7. Keeping the CRM isolated from other systems in the organization.

There are organizations in which is possible to run CRM as an independent isolated system (for CRM User Adoption while at least). But that’s often not the case for large organizations, especially if you want to increase user adoption.

For example, at UruIT Dynamix we have experiences with Banks, Health companies, TELCOs, where not having the information of core banking or legacy systems where important customer information and history resides would be totally unacceptable.

8. Underestimating training.

Dynamics CRM or Salesforce may seem intuitive enough to any office user, but don’t let that make you assume training is not important. In order to encourage user adoption, it’s very important to make them feel confident in the system.

You need to allocate time for training if only to make your users feel they invested time and resources in learning something new.

9. Failing to communicate the value of on-going maintenance to organizations.

As consultants, our job is not over the minute we implement the system. On the contrary, that’s when the REAL challenge begins and it’s one in which our clients are going to need our help as much as when they first contacted us. If they don’t see the importance of maintenance that’s probably our fault for not making it clear.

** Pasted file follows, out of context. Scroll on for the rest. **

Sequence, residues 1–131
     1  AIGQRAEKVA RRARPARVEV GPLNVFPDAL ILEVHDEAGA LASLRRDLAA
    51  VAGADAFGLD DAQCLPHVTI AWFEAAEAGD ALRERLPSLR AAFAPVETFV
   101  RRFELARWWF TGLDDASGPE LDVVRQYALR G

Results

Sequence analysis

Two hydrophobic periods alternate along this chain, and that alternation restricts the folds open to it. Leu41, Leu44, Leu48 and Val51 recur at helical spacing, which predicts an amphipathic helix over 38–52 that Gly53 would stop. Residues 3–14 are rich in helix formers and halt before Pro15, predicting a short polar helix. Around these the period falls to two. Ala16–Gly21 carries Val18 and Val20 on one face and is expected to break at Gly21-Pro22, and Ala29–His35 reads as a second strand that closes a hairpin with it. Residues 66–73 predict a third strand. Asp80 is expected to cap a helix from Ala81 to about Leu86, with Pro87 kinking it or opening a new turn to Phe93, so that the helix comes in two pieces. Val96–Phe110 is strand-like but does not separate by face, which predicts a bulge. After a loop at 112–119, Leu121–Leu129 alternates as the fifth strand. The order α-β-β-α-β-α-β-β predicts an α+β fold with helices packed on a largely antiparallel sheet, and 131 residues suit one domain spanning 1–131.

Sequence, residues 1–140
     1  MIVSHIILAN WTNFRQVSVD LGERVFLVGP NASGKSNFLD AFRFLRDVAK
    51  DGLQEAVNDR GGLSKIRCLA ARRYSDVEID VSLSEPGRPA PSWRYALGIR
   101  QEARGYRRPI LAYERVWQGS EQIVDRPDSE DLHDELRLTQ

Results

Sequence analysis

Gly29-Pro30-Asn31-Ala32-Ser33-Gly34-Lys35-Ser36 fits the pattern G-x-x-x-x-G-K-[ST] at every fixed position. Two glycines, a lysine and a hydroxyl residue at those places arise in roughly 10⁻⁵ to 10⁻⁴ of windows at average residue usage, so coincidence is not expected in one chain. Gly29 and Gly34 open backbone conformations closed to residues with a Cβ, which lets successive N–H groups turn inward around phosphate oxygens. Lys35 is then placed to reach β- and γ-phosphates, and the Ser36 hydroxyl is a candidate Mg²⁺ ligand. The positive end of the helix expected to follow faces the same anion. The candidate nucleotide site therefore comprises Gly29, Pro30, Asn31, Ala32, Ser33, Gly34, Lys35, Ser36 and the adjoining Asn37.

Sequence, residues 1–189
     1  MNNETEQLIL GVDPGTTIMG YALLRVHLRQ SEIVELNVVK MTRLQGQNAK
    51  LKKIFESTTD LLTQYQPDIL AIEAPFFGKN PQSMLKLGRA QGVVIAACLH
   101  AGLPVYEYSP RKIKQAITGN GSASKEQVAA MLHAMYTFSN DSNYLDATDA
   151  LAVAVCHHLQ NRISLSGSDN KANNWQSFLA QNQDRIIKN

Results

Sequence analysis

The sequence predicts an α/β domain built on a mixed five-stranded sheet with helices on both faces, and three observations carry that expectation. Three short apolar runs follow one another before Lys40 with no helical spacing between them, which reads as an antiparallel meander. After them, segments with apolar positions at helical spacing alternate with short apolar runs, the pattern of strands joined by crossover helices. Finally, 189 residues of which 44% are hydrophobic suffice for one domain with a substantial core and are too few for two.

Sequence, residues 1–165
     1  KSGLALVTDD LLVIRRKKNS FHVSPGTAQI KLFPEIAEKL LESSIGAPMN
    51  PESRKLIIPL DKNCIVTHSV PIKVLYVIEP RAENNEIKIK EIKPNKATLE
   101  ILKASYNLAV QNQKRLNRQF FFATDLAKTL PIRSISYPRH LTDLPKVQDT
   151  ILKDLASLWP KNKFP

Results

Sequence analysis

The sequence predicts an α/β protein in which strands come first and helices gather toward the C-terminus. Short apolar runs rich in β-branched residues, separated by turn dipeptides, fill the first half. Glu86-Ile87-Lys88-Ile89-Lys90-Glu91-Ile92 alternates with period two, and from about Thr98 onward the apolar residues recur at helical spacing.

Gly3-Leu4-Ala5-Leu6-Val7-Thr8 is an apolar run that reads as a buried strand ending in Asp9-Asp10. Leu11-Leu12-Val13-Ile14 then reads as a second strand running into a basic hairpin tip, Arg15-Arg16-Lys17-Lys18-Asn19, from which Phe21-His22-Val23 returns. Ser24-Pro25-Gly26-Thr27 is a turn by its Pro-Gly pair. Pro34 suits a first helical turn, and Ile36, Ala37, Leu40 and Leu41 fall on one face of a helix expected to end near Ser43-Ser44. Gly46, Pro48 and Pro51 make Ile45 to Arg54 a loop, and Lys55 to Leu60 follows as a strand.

We need to have a previous agreement for the maintenance of the project for at least one year. Optimization is key in every CRM. It will not be truly “complete” until it is put to the test of time and use.

10. Failing to measure user adoption and not rewarding achievements.

We need to be able to measure. Always. Everything we do to perfect the system needs to be based on data. How many of them are using it? How are they using it? Which issues are causing them troubles?

The answers to these questions are essential if we want to answer the even more important questions. Such as: What changes do we need to apply? How do we get them to use it? How do we keep them engaged?

Of course, we don’t need to tell you how we solved that problem here at CRMGamified, right?

You probably know already that we came up with a couple of solutions that encourages user adoption by making CRM fun, and engaging!

Our Hurrah! Leaderboards broadcasts live data right from your CRM of choice into a TV placed in the war room, just like an ESPN for Sales, helping to inspire and motivate everyone in the team!

We are not going to bore you with all the details in this article (especially since we told you all about CRM adoption before) but feel free to check us out and try Hurrah! for FREE!


As always, we welcome your feedback. Feel free to check Pablo’s original article here.

5 replies
  1. john mahoney
    john mahoney says:

    SFDC have user adoption dashboards which are sadly missing from Dynamics CRM and internally SFDC include Chatter contribution as a perfomance metric for appraisals. Gamification of CRM is an excellent response.

  2. Mani Ramachandran
    Mani Ramachandran says:

    Great article and a nice summary of the usual CRM project pitfalls. Thanks for leaving a comment with a note about this piece in my post (http://h30507.www3.hp.com/t5/Applications-Services-Blog/Top-7-things-to-consider-to-improve-User-Experience-in-Dynamics/ba-p/139335)

    Additionally, I am a big fan of the CRM gamified product. I had written a post last year on the possibilities with Dynamics crm (http://gotcrm.blogspot.com/2012/09/gamification-and-crm-xrm-platform.html), but you folks have taken it to a whole new level! Keep up the fantastic work! 🙂